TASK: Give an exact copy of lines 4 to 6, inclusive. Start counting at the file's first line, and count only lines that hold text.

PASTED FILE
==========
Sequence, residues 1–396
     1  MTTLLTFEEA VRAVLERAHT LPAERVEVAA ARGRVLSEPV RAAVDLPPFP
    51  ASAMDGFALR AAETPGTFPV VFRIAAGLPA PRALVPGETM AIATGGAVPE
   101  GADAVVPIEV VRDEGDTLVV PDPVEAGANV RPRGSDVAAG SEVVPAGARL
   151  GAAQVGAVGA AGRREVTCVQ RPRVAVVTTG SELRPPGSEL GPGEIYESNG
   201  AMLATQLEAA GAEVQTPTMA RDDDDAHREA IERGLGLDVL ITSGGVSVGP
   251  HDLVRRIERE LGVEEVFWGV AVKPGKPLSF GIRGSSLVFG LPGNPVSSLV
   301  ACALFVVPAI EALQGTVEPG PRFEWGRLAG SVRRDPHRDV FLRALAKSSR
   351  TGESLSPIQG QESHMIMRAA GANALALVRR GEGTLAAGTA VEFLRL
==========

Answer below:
   101  GADAVVPIEV VRDEGDTLVV PDPVEAGANV RPRGSDVAAG SEVVPAGARL
   151  GAAQVGAVGA AGRREVTCVQ RPRVAVVTTG SELRPPGSEL GPGEIYESNG
   201  AMLATQLEAA GAEVQTPTMA RDDDDAHREA IERGLGLDVL ITSGGVSVGP